News coverage of the tragic story of Tulay Goren, whose father has just been convicted of murdering her, suggests that so-called "Honour Killings" are claiming a victim every month.

It is offensive to call these murders 'honour killings', because there is nothing honourable about them. To kill your daughter or sister can never redeem your family's honour, it destroys it by proving you to be a particlarly depraved criminal.

What is even more extraordinary is that these murders are being linked to the rise in certain forms of fundamentalist religion.

There is no valid religious justification for murder, and the perpetrators of such crimes should not be allowed to hide behind any faith.

It would not justify these crimes if the perpetrators could point to a passage in the Koran or any other holy book as the inspiration for their actions, but in fact it is my understanding that no major faith or sacred text calls on the adherents of that religion to enforce it's precepts by killing members of their own family.

The authorities must work with responsible community leaders - plenty of members of the ethnic minority communities in Britain are as horrified by crimes such as the murder of Tulay Goren as the rest of us - to stamp out this abomination.

Martin Kettle on what the polls are really saying

Hat tip to Mike Smithson at Political Betting for recommending this article by Martin Kettle in the Guardian.

Kettle's article "Not even Cameron can control the politics of anger" suggests that the next election will take place against a backdrop of enormous hostility to government - the present government in particular, but to some extent the whole political system has been discredited and whoever wins the next election will have a very difficult time.

He has some astute comments on the "self deception" of some Labour politicians and supporters who appear to think that the next election is "game on" because a very modest firming of their position has some opinion polls showing them only nine points behind. As he says

"It is one thing to be misled by polls and local elections that are actually in your favour, as Harold Wilson was when he called the 1970 election. It is quite another thing to get carried away – as some in the Labour party are – by polls that are simply not in their favour."

After pointing out that Brown's "class war" politics are likely to surrender the centre ground to the opposition parties, perhaps for a long time, Kettle goes on to conclude that

"In the end, however, not even Cameron can control the politics of anger. As the first election since the expenses scandal, this contest will take place amid a mood of hostility towards politicians that at times seems almost revolutionary in its force, fully encouraged by the media ...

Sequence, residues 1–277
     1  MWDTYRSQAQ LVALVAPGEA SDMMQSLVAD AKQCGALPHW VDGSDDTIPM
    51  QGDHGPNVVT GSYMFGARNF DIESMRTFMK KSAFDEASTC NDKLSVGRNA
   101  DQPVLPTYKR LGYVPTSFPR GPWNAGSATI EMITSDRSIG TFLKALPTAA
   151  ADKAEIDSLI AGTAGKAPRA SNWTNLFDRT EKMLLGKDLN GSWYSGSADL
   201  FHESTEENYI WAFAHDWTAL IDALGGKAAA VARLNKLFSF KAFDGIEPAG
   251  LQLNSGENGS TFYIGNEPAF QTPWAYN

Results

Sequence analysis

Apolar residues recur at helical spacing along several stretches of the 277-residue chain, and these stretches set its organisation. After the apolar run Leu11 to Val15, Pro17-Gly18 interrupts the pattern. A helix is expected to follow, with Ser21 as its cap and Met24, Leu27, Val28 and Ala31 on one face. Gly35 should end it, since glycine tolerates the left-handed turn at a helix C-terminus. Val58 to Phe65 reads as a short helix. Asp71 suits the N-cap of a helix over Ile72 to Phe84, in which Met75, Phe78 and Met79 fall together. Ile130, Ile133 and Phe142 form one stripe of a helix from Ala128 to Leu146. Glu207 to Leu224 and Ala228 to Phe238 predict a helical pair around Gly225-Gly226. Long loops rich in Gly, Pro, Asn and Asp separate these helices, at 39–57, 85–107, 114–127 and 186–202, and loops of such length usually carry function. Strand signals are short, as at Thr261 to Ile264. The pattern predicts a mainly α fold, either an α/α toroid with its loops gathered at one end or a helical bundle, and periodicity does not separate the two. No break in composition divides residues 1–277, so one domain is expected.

"I believe the modern media now has a collective oppositional self-interest not just to particular parties or class interests, as in the past, but to the very idea of government and politics itself. How far even Cameron can prosper in such a system is one of the many questions that will face him and us in 2010."

Thursday, December 17, 2009

Cameron visits Barker crossing

David Cameron and shadow farms secretary Nick Herbert were in Cumbria today: their itinerary included a visit to Barker crossing - the new footbridge built by the army in Workington and named in honour of PC Bill Barker who lost his life while saving those of others during the floods.

I was of course pleased to see David and Nick making the effort to visit Cumbria and see the work which is being done to recover from the floods.

One spontanous incident which I found particularly moving happened at the bridge just before DC arrived. One of the people who met him at the bridge was the Brigadier commanding the unit which includes all the regular and TA units in the North West of England, 42 Brigade, which provided the majority of the 200 soldiers who built the bridge. As he was telling us, there were service people from various parts of the country involved, particularly armoured sappers who are used to building bridges for tanks, but also local TA members who were helping their own community.

One of the Workington residents who was using the bridge on her way from Northside to the town centre recognised the Brigadier, and stopped to thank him and his team for what they had done for the people of Workington.

She had just a few well-chosen words to say but they obviously came from the heart.

Monday, December 14, 2009

DC: Labour have lost the right to govern

David Cameron points out that, by their failure to take the decisions the country needs, last week Labour lost the moral authority to run Britain. He writes

"Their Pre-Budget Report on Wednesday was an opportunity to finally confront the biggest budget deficit in Britain's peacetime history. Instead, they put their own political fortunes ahead of what is right for our country. Not only did they decide to carry on their irresponsible spending, but they're actually increasing it next year.

"Gordon Brown and Alistair Darling just don't seem to care about the risks they are running. As I say in this video, it's as if they're a couple of joy-riders in a car smashing up the neighbourhood, not caring about what is going to happen and not caring about anyone who might have to take over the mess they have created.